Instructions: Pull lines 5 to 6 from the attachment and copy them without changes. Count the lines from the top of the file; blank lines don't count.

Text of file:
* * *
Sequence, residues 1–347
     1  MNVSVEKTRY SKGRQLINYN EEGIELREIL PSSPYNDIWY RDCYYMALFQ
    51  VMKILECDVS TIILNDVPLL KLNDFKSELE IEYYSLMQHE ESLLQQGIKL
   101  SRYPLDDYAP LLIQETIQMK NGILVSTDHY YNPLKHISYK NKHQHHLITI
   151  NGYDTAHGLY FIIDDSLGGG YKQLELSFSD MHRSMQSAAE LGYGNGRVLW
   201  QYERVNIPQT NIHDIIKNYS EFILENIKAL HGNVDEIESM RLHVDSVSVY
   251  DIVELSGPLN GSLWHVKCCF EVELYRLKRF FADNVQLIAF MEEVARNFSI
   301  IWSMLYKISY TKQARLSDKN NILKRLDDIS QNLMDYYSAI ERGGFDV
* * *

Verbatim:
   151  NGYDTAHGLY FIIDDSLGGG YKQLELSFSD MHRSMQSAAE LGYGNGRVLW
   201  QYERVNIPQT NIHDIIKNYS EFILENIKAL HGNVDEIESM RLHVDSVSVY